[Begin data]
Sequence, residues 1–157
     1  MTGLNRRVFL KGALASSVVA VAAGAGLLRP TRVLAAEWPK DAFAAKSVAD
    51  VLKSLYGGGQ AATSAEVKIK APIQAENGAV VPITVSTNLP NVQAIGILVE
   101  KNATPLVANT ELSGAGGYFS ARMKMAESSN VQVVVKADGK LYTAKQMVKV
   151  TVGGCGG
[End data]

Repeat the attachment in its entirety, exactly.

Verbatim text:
Sequence, residues 1–157
     1  MTGLNRRVFL KGALASSVVA VAAGAGLLRP TRVLAAEWPK DAFAAKSVAD
    51  VLKSLYGGGQ AATSAEVKIK APIQAENGAV VPITVSTNLP NVQAIGILVE
   101  KNATPLVANT ELSGAGGYFS ARMKMAESSN VQVVVKADGK LYTAKQMVKV
   151  TVGGCGG